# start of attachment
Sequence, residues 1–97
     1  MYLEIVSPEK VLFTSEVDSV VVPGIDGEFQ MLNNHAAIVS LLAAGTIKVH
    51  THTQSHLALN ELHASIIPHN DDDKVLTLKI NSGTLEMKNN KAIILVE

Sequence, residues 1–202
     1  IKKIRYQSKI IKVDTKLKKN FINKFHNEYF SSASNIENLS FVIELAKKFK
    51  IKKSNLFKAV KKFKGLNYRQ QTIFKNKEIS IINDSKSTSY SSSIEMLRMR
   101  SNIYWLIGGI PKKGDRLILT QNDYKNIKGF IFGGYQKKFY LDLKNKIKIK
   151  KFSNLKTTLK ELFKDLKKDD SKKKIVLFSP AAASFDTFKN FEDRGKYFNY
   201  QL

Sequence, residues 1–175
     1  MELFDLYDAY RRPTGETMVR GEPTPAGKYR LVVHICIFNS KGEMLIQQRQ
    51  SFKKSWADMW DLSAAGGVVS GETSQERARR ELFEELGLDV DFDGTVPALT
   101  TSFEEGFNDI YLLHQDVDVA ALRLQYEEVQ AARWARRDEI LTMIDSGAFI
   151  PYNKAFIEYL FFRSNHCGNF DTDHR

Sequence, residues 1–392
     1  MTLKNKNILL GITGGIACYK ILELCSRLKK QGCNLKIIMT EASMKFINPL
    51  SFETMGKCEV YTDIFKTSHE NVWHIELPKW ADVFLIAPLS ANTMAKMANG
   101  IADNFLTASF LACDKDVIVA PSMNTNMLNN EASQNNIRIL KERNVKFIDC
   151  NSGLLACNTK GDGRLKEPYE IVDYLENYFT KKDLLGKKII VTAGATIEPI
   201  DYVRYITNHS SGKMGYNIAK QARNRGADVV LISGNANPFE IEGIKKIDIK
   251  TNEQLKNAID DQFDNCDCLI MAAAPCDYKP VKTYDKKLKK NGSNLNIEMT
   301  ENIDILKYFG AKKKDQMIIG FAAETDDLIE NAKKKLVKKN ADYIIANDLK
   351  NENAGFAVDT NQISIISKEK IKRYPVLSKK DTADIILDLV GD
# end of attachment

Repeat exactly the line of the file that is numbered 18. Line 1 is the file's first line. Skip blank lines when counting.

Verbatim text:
   101  IADNFLTASF LACDKDVIVA PSMNTNMLNN EASQNNIRIL KERNVKFIDC